1. 4.The Completion of August Wilson's Cycle: Disposition and the Dispossessed

4.The Completion of August Wilson's Cycle: Disposition and the Dispossessed

John T. Dorsey 立教大学

At the age of sixty, August Wilson has brought his ten-play cycle on the experiences of African Americans in the twentieth century to a close with what he has proposed as “bookends”: Gem of the Ocean (2004) and Radio Golf (2005). The former play is set in Pittsburgh, as are all of the plays but one, in 1904, while the latter takes place in 1997, thereby completing the scheme of one play set in each decade of the twentieth century. These “bookends,” placed at the beginning and end of the cycle, frame a discourse of “what is to be done” in regard to what has been called the major problem facing twentieth century America, the color line. And they both focus on the mysterious figures of Aunt Ester and her house at 1839 Wylie Street, which represent some three hundred and fifty years of Africans in America.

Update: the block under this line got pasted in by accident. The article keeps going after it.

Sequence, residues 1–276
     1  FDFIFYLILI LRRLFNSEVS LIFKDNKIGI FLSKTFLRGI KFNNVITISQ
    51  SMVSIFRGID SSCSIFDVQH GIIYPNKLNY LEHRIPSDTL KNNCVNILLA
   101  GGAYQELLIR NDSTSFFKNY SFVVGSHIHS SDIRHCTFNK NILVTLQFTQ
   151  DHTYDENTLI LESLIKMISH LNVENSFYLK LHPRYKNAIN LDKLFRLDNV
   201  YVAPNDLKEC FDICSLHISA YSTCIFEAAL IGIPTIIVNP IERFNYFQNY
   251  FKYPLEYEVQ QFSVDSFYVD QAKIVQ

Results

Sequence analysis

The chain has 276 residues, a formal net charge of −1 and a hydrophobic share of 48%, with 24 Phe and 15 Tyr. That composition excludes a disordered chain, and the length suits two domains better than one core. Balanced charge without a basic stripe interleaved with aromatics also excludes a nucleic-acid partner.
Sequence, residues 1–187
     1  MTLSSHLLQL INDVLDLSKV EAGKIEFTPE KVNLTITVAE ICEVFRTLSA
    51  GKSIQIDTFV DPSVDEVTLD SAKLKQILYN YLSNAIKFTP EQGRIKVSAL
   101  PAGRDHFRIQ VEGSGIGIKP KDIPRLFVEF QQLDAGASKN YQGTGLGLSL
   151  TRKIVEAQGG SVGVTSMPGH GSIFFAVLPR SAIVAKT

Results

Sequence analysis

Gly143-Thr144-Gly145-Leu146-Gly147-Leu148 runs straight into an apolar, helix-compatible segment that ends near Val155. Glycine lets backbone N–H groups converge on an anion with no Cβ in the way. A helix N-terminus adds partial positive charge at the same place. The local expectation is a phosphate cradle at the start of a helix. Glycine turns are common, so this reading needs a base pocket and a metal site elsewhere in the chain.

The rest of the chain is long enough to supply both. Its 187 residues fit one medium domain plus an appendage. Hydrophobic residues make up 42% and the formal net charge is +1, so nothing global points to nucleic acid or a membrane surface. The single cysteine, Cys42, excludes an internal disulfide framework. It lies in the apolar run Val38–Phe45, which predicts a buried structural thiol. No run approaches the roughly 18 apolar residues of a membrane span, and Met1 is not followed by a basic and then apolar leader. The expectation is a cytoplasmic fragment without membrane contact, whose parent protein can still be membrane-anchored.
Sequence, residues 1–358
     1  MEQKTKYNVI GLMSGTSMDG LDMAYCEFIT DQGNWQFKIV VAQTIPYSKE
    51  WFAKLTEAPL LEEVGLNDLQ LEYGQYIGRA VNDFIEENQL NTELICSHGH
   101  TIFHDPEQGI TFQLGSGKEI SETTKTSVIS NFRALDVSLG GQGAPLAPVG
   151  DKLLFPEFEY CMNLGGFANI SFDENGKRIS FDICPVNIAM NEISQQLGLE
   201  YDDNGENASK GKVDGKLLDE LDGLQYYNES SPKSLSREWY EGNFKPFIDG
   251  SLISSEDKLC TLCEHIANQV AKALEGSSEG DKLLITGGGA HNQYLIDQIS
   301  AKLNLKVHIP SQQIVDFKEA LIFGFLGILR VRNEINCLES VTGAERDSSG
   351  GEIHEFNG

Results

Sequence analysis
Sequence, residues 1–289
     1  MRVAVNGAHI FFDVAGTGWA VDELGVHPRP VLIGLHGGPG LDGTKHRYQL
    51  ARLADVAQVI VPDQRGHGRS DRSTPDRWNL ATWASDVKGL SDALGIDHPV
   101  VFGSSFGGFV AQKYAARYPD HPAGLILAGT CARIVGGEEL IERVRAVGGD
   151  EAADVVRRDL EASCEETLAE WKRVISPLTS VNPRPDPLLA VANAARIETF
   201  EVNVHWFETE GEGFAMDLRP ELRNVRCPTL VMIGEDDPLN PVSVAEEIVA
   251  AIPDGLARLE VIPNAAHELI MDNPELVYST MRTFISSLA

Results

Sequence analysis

In this presentation, I would like to examine the question of closure in the cycle, in both a thematic and structural sense. As is well known, one of the problems with “problem plays” is the question of final disposition of the matter?that is, if authors raise a question, they are expected to answer it. In this cycle of plays, the matter of “disposition” has both positive and negative meanings, for “dispose” means both to get rid of and to control. In his plays and other writings, Wilson has claimed that African Americans are the “leftovers” of American history?used as slaves in building the country and then marginalized and disposed of as useless in modern times. He further claims that they have been dispossessed of their African heritage and culture and then, once again, of the culture they formed in the South over a period of some three hundred years. In this sense, “disposition” implies displacement as well. The solution or final disposition for Wilson is an open-ended one: African Americans must gain control over their own lives and culture, preserving their cultural heritage as Africans but also as Americans. Wilson has made an exemplary contribution to this project in this twenty-five year opus.